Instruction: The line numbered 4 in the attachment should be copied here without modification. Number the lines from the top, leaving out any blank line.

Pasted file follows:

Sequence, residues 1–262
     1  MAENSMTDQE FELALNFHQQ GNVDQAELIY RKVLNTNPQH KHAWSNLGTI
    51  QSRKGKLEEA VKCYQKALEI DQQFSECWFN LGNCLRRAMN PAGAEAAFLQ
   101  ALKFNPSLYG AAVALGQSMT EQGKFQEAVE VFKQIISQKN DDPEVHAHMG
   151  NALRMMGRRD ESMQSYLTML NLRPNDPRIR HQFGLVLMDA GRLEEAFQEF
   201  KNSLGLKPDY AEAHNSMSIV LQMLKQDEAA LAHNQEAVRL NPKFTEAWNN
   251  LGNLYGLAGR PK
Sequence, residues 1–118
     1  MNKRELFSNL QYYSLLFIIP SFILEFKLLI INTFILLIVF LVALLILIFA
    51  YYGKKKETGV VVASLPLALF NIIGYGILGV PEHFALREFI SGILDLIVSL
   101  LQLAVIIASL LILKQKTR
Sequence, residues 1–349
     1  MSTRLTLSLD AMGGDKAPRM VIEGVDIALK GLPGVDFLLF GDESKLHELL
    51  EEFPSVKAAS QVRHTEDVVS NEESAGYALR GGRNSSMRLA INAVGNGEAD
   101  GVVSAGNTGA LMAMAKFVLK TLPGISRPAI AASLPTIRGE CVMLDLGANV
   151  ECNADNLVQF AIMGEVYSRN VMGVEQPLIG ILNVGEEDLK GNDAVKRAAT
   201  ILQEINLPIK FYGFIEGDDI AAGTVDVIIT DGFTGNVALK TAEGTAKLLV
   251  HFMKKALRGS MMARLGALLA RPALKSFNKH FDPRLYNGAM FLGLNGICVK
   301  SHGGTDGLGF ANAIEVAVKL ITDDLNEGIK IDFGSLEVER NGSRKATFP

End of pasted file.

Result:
   101  ALKFNPSLYG AAVALGQSMT EQGKFQEAVE VFKQIISQKN DDPEVHAHMG